By Susan “Sue” Marchese, CAE, MS
I am the parent to three girls, ages 24, 20, and 15. Ever since I started to work for AIHA, the association for occupational and environmental health and safety (OEHS) scientists and professionals, in 2014, my mama bear instinct about so much involving health and safety for my daughters while at school has been heightened to a new level of awareness.
Having worked at AIHA through the pandemic was even more enlightening because OEHS professionals are like “doctors for buildings” and their approach to infectious disease prevention and mitigation made sense to me. They call it the “Swiss cheese model” of causation. Like Swiss cheese, there are holes here and there, but if you stack several pieces of the cheese one in front of the other, it will eventually plug the gaps. If you can plug as many as you can, the less dangerous a problem may be.
How does this relate to keeping school buildings healthy? When returning to school after the pandemic, we were told to clean surfaces after use (one piece of the cheese), maintain a distance of six feet (another piece stacked on top of the other one), and wear a mask (one more piece). Yet, COVID continued to surge. The OEHS scientists I work with explained to me behavioral changes alone can’t lower the risk of infection. There is something bigger (still leaving holes for the hazards to get in). Something we as parents can’t control: healthy indoor air quality.
Did you know that students, teachers, and staff occupy school buildings for up to 90% of the school day during the week? If they are there for extended programs (e.g., clubs or after care), it may be even longer. Because of this duration, and the fact that building systems can directly impact the air of the indoor environment, the children and staff are exposed to air that can have a direct impact on their health. As a result, failure to improve poor indoor air quality can take a toll on their health.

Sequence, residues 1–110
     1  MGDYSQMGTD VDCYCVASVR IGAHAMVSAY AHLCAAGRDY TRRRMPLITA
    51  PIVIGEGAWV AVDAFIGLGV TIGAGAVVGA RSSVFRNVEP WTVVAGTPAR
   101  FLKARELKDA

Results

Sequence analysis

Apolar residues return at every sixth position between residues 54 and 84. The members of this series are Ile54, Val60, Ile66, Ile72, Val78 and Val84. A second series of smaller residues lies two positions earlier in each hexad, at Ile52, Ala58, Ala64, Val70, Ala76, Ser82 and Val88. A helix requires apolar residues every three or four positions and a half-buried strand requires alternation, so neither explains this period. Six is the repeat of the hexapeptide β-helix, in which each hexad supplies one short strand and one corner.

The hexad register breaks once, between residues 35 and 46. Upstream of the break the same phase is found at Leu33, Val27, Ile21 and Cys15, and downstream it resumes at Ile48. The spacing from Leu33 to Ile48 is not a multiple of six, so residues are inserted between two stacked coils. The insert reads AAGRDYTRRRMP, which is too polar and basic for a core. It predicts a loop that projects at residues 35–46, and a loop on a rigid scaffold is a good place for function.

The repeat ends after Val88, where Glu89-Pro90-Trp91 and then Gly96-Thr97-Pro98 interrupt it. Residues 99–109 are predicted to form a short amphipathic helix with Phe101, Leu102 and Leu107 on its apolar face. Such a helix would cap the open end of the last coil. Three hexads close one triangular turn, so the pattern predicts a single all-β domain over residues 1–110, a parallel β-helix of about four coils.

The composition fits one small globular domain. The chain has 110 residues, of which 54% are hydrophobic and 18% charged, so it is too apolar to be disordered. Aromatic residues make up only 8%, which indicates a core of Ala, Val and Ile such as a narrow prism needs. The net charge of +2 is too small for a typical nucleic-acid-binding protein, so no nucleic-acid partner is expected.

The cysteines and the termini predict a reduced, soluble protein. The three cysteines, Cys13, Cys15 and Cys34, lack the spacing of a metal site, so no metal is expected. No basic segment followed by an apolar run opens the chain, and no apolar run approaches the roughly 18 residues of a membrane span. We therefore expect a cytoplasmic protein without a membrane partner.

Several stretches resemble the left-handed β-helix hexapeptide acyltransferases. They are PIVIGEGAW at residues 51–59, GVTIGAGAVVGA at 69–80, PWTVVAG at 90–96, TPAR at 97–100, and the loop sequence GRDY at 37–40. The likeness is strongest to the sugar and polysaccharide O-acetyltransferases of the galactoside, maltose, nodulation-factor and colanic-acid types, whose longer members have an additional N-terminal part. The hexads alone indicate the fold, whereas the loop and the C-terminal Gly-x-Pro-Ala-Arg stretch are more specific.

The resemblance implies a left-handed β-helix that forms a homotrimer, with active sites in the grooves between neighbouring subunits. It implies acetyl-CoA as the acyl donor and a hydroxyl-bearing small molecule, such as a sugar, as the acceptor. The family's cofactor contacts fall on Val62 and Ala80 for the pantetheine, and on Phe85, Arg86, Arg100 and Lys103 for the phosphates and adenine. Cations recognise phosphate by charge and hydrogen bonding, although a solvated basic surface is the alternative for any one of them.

Armed with this information, I was compelled to contact my school-aged daughter’s school administrators to learn more about their efforts to ensure the school had an effective indoor air quality plan as children flooded back into the school building after quarantine. The knowledge I gained through AIHA empowered me to speak with administrators on a topic that directly impacted my daughter’s health, and the health of the sons and daughters of others within the school.
If you would like to know more about the indoor air quality at your school, here are questions that you, your school’s parent group, or PTA/PTO can bring to your school and district administrators.
CHECKLIST FOR HEALTHY INDOOR AIR QUALITY IN SCHOOLS
1. Does your school building have a facility manager? It is important for facility managers to recognize and relay the importance of improving indoor air quality to others in the organization, including staff and parents so they are aware of how their school’s air quality impacts everyone in the building, including students.